Aims and objectives. To explore the attitudes and practices of hospital-based healthcare professionals toward people with type 1 diabetes mellitus (T1DM) exhibiting disturbed eating or weight control.
Background. Eating disturbances and insulin manipulation are common among individuals with T1DM, although little is known about how these behaviors are assessed and managed in practice.
Design. Qualitative study.
Methods. Face-to-face, semi-structured interviews were conducted with 20 professionals from four hospitals in England, all of which were taped and transcribed verbatim and analysed using a framework approach.
Results. Four main themes were identified from the data collected, which related to the classification, detection and treatment of eating disturbances among people with T1DM and professionals’ lack of training in this area. For example, interviewees were unclear about what should be considered ‘disordered’ eating among individuals with T1DM. Participants described a paucity of immediately available services to which individuals could be referred, if they were felt to require extra help, and stated that they felt uncertain about managing these patients without outside support because of their limited training in the treatment of eating disorders.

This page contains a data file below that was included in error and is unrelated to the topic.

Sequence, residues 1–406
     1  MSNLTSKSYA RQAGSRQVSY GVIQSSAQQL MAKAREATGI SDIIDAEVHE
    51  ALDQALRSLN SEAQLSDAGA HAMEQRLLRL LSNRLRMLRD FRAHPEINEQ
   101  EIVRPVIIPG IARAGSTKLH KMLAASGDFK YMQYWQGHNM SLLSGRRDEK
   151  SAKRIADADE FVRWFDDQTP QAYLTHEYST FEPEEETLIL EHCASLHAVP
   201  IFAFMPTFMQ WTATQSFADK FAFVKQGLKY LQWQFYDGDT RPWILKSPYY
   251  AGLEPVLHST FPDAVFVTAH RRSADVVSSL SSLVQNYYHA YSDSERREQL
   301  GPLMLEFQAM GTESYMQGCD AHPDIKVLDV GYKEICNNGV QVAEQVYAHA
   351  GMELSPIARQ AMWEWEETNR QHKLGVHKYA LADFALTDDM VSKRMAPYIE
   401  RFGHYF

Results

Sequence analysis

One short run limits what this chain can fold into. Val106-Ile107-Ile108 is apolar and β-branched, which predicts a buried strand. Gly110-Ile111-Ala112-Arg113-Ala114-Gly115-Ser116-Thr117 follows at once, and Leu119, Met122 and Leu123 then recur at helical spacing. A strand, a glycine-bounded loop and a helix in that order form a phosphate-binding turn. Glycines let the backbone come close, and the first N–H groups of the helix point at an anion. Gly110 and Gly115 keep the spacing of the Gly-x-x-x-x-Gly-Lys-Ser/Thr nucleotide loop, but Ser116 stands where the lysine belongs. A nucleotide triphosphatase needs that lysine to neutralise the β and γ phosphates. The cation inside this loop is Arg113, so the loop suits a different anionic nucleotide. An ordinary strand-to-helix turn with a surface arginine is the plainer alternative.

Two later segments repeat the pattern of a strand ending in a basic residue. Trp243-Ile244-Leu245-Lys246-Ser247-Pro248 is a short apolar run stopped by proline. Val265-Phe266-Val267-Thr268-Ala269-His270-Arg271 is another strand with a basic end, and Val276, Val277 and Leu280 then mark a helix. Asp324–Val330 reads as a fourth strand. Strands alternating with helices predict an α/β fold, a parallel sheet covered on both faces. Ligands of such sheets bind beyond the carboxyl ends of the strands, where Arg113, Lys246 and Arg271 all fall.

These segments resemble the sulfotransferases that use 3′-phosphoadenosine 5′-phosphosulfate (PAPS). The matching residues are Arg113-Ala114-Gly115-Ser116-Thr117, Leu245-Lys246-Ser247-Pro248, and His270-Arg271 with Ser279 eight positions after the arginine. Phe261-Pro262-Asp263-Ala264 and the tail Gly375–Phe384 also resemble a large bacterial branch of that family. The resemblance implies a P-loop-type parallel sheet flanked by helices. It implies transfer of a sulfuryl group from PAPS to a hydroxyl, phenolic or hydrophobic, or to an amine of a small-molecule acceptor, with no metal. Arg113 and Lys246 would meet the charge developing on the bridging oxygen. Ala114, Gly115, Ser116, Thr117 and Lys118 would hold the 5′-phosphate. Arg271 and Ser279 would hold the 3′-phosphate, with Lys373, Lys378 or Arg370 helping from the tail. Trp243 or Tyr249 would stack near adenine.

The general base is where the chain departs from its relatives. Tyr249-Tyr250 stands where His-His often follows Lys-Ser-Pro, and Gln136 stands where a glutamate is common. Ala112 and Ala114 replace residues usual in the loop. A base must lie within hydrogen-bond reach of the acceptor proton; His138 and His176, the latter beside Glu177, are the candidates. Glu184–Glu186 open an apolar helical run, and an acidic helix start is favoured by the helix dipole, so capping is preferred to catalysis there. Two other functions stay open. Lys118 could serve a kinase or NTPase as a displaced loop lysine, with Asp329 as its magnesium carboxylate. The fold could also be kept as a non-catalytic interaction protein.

Conclusions. A lack of clarity as to what constitutes a problem among those with T1DM in relation to eating and weight control and an absence of follow-up services for them contributed to a sense of anxiety expressed by interviewees when faced with such a patient.
Relevance to clinical practice. Effective interventions addressing dangerous eating or weight control in people with diabetes are sorely needed, as is better training of healthcare professionals on this topic.